Mom isn’t big on boyish adventure. And at first glance you might think she isn’t a risk taker. That she merely married one and then raised five. But you would be wrong. Mom has modeled steady faith all her days. It’s her steady faith that has kept us through the shakey seasons; first as kids, then as teens and singles, and now as moms and dads ourselves…
Mom knows God and Mom stands on His promises. There is no greater faith than this. And Mom has made sure that we knew the promises as well. Around the same time that I heroically saved the garage doors and the tan station wagon, my Mom gave me a promise.
"They will be called oaks of righteousness, a planting of the LORD for the display of His splendor."
It’s my scripture, its my promise; it’s for the others as well.
It’s from Isaiah 61; Mom read verses 1-3 to me one evening after church. All three verses are beautiful, filled with promises of Gods goodness displayed through the lives of His people. But the verse that jumped out at me that day, the verse that Mom made sure I got, was the one about becoming an Oak of righteousness planted by God for His glory.
“Jason,” her tone was serious, like when she wanted me to really believe her, like when she told me not to climb over the stair railing. “God gave me this scripture for you. God told me that you would grow up to make Him proud. That you would become a strong man, a good man, a man of faith.”
Mom has been a person of great promise. I could use the word purpose or destiny but promise is the best fit; promise suggests faithfulness, it implies relationship. Mom has modeled a life of profound faith and deep relationship. She has loved God first and always. She has loved Dad best and because of this she has released a legacy of love to her kids, and their kids, and their kids kids.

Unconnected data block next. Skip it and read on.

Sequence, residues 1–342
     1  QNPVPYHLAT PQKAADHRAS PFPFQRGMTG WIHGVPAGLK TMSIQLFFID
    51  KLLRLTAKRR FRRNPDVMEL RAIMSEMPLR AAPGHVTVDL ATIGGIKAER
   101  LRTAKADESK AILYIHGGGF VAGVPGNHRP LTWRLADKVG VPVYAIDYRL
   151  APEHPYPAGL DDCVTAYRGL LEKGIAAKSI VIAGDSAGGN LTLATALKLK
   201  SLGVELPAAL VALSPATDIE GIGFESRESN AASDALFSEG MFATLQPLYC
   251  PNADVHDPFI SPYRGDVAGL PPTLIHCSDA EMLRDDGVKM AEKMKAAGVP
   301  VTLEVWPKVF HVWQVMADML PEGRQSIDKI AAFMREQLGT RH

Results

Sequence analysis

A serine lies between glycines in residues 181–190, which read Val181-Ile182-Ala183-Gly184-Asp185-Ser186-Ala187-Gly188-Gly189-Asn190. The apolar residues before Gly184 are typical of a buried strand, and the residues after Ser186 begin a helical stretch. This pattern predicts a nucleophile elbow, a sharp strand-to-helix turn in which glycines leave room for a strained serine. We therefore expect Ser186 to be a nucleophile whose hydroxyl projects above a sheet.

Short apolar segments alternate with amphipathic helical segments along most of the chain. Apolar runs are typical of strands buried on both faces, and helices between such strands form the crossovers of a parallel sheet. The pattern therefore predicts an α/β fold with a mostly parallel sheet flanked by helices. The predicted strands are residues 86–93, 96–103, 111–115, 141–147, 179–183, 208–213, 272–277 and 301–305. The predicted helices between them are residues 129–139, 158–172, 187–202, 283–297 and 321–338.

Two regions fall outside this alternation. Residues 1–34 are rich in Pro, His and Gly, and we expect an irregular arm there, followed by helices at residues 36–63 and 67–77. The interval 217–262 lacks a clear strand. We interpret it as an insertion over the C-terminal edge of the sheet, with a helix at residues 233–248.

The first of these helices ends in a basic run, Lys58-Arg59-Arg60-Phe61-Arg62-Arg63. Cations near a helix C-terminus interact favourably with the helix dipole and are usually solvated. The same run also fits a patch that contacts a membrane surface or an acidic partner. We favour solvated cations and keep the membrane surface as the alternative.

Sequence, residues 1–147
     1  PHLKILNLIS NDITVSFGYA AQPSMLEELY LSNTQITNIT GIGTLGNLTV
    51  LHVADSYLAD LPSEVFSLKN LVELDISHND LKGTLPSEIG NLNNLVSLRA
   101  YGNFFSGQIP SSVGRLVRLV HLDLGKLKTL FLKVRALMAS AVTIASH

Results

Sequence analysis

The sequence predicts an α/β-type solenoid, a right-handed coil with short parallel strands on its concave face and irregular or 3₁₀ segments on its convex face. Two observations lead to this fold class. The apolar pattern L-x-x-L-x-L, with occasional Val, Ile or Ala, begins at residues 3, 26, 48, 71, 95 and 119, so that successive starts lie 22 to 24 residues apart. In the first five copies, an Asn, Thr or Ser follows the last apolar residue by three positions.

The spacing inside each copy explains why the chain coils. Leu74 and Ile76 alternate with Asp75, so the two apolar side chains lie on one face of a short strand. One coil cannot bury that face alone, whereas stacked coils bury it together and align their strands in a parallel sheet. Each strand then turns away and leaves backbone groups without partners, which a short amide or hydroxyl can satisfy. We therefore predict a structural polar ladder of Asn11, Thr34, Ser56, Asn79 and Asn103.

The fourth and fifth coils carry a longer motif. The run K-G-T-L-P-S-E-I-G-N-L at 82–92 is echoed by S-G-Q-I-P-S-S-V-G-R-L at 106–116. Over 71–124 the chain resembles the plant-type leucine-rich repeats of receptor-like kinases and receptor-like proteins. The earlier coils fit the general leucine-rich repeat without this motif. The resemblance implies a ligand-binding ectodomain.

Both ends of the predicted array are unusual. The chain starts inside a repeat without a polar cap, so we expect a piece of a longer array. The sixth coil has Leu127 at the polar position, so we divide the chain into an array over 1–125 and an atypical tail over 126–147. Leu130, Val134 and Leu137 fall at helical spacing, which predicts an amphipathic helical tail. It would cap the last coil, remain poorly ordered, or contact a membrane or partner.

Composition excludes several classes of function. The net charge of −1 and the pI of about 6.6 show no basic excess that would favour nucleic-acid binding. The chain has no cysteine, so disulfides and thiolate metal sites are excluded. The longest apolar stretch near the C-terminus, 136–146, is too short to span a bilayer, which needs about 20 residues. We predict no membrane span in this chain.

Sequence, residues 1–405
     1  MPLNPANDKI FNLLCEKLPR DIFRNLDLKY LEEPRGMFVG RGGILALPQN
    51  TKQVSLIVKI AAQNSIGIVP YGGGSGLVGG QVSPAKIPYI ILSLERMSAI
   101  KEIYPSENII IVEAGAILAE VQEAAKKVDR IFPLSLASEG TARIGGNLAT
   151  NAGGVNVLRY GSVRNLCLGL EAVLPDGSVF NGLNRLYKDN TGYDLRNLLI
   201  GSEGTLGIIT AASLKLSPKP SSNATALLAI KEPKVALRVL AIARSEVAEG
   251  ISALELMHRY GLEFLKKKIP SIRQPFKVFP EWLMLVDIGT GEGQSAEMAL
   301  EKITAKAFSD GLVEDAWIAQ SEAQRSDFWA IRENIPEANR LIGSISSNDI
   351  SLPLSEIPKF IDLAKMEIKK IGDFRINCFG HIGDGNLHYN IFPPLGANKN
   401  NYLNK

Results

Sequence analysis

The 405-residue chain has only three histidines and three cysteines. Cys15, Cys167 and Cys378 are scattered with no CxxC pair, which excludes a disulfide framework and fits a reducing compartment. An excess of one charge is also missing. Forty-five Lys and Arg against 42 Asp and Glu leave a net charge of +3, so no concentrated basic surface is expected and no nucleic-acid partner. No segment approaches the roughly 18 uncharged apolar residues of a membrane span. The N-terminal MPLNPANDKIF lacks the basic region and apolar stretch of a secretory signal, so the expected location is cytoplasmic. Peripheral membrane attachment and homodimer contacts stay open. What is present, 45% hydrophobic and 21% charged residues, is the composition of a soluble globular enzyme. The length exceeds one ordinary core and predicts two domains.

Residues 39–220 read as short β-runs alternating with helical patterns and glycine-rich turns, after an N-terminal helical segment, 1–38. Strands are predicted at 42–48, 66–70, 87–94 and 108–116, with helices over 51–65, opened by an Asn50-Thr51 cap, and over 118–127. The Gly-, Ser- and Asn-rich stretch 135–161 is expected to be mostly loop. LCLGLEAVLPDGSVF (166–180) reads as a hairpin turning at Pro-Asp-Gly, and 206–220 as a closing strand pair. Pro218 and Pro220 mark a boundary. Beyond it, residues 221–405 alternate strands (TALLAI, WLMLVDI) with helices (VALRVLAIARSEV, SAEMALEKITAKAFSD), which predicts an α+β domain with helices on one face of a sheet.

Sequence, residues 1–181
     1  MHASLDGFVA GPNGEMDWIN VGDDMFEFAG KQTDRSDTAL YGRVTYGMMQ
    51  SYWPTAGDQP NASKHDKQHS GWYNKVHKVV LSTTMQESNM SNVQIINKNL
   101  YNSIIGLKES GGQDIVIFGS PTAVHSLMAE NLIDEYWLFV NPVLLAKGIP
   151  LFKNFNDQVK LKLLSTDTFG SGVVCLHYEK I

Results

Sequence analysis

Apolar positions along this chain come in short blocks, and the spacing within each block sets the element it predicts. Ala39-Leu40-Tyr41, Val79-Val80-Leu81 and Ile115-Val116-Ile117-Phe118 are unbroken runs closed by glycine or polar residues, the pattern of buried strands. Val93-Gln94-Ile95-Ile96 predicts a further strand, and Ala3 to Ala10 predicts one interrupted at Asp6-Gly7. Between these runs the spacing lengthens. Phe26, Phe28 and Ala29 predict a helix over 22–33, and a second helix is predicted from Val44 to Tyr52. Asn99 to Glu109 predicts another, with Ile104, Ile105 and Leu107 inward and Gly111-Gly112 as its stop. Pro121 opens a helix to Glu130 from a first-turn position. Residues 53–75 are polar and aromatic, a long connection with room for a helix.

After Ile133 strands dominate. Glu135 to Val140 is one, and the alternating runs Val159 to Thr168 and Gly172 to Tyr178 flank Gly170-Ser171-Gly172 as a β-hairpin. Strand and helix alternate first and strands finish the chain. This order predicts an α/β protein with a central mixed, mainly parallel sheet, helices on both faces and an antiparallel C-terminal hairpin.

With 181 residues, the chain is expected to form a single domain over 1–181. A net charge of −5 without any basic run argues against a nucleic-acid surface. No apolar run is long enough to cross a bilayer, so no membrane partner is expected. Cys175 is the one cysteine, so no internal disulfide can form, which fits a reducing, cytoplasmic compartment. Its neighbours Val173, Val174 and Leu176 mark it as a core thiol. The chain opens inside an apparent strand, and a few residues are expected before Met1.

Mom’s life and the promise she nurtured in me… and the others; its led to a faith that has allowed a boy to know that with God all things are possible.
I am still a boy – at least, I am still Moms boy. Like all boys, I've always been in a rush to grow up. Along the way, I’ve had adventures. Sometimes there have been tan station wagons headed for garage doors. Sometimes it’s almost seemed as if the station wagon won, and sometimes I hear Mom's voice echoing the past “what were you thinking.” But all along the way, Moms promise has kept me. I am an Oak of righteousness planted by God for his good pleasure. Because of Moms faithfulness, I have learned that Great Oaks, well, they stop tan station wagons every time.
Thanks mom, for teaching me how to love, how to dream and how to be faithful, Thanks for speaking and living the promises of God's good love over my life and for contending on my behalf. Your love has been immeasurable.
I love you back, Merry Christmas.